Pant's coach questions reasoning for omission

Pant's coach questions reasoning for omission

Rishabh Pant. PTI

A World Cup selection is rarely without disagreements and heartaches. The Indian cricket team selection too is facing several questions, chiefly pertaining to the omission of young wicketkeeper-batsman Rishabh Pant.

Pant's non-inclusion for the quadrennial event has evoked a sympathy wave. The attacking flavour in his batting has won him many admirers, all of whom believed he deserved a place in the 15-member World Cup squad. That list also includes his coach and mentor Tarak Sinha, who admitted to being disappointed with the result.

“I would be lying if I say I'm not disappointed. But a sportsman learns to move on with the setbacks. He is young and has a great future ahead of him,” said Sinha who has produced 10 India internationals, including Ashish Nehra and Shikhar Dhawan.

After shining on the domestic scene with his rapid scoring rate, Pant made an immediate impact following his selection for the Test squad for the 2018 tour of England. He hit his maiden Test century on the tour and followed it up with another in Australia, where he also equalled the world record of most catches (11) in a Test.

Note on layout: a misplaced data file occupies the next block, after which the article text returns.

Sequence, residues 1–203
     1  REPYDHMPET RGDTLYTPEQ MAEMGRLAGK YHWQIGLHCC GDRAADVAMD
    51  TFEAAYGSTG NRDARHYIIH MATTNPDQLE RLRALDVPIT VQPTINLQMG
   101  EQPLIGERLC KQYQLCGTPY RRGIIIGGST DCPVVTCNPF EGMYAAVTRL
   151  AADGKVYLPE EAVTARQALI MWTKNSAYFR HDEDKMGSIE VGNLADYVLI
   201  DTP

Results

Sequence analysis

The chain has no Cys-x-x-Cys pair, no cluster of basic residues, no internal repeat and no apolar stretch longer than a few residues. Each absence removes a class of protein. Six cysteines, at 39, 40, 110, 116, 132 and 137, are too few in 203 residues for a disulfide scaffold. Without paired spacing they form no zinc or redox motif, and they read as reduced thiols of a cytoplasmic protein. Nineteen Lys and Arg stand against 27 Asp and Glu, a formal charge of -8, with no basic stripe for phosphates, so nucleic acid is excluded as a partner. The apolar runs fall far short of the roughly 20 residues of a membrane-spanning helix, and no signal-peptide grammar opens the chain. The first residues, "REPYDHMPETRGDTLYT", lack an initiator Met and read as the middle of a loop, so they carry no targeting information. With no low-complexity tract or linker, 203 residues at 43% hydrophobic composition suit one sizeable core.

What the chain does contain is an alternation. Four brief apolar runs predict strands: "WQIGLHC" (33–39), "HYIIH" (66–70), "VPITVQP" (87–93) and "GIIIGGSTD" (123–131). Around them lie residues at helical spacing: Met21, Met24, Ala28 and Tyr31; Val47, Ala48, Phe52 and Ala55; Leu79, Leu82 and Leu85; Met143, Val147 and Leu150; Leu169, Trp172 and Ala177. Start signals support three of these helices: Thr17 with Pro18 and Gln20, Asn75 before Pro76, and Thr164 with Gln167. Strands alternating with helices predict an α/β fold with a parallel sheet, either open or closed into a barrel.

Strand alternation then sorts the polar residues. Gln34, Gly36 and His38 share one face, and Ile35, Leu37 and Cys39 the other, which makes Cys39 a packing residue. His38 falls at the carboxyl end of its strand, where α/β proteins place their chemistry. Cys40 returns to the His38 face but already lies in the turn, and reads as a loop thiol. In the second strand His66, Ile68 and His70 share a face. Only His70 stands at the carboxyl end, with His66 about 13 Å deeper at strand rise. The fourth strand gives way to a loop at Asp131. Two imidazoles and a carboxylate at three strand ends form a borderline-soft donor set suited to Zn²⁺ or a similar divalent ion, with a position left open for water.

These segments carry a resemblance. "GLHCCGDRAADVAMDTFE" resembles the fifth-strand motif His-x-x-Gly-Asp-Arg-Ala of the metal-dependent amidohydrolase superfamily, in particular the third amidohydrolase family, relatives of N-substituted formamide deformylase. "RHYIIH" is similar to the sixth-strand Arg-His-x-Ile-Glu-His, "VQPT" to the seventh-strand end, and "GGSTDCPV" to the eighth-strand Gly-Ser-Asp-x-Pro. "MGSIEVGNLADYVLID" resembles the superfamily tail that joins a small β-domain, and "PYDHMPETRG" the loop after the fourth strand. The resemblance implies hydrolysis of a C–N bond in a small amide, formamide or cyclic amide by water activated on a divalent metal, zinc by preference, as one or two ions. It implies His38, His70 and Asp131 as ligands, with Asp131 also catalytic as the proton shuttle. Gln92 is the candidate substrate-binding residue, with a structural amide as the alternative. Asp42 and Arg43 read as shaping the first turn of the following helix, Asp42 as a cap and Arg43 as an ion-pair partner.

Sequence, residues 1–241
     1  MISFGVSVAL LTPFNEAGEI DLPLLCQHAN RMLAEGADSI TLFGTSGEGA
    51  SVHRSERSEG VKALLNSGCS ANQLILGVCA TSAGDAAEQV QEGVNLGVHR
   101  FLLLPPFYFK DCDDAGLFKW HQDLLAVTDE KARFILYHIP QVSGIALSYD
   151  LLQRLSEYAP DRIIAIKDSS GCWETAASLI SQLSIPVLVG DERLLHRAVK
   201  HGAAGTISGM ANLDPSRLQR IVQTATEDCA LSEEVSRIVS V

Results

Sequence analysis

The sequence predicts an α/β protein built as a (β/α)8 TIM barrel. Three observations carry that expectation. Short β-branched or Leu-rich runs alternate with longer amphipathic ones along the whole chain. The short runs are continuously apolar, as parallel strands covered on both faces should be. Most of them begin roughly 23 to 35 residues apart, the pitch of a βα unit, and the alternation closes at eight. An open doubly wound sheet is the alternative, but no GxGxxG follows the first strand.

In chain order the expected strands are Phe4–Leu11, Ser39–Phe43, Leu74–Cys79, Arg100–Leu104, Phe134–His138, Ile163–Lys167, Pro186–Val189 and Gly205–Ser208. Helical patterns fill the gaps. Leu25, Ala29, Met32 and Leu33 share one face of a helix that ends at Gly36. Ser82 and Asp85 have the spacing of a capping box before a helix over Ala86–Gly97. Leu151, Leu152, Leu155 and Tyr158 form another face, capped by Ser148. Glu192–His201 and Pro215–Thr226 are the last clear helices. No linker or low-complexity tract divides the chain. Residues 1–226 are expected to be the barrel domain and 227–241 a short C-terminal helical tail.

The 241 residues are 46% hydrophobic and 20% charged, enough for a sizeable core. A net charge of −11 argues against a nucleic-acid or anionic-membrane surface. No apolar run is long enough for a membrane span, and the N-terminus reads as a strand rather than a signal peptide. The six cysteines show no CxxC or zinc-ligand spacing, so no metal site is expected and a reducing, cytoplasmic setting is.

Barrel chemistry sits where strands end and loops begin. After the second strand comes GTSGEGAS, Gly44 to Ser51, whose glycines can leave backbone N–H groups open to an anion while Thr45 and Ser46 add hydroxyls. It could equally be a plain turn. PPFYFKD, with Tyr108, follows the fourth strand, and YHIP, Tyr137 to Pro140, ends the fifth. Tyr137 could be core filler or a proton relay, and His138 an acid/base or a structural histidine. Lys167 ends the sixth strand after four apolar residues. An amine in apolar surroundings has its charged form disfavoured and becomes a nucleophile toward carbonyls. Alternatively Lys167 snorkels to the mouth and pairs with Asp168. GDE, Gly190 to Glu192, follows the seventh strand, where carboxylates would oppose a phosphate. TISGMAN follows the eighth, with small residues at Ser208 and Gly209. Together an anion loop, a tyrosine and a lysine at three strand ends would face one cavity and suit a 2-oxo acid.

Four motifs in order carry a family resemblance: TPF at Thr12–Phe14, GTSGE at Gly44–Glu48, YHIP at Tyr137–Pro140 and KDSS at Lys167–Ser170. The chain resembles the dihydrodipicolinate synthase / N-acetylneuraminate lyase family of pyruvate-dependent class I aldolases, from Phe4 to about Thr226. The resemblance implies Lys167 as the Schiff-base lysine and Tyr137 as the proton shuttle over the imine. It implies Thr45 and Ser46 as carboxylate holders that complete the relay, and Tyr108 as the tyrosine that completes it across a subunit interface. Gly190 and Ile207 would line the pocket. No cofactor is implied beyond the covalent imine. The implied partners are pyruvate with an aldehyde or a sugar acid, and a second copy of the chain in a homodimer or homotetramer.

“The record is proof that Rishabh is a good wicket-keeper. The argument that the selectors were not sure of his work behind the stumps is strange. If Rishabh was not good, why did he then replace Karthik for the England tour? You pick Karthik if you want to but don't discourage a youngster by questioning his keeping skills,” Sinha said.

“He has hit centuries in countries where batting is a challenge. The pitches and conditions test you as wicketkeeper also. I was not happy when Rishabh was constantly expected to perform. We all know he has the X-factor to swing a game on his own. By excluding him we have taken a step backwards.”

Sinha also defended Pant over criticism about his wicket-keeping skills.“Have Dhoni or Karthik not missed stumpings or catches? Rishabh may not be perfect but he is very hard working. He is improving with every match. In England and Australia, the ball rises high but in India it tends to stay low. We are working on these.”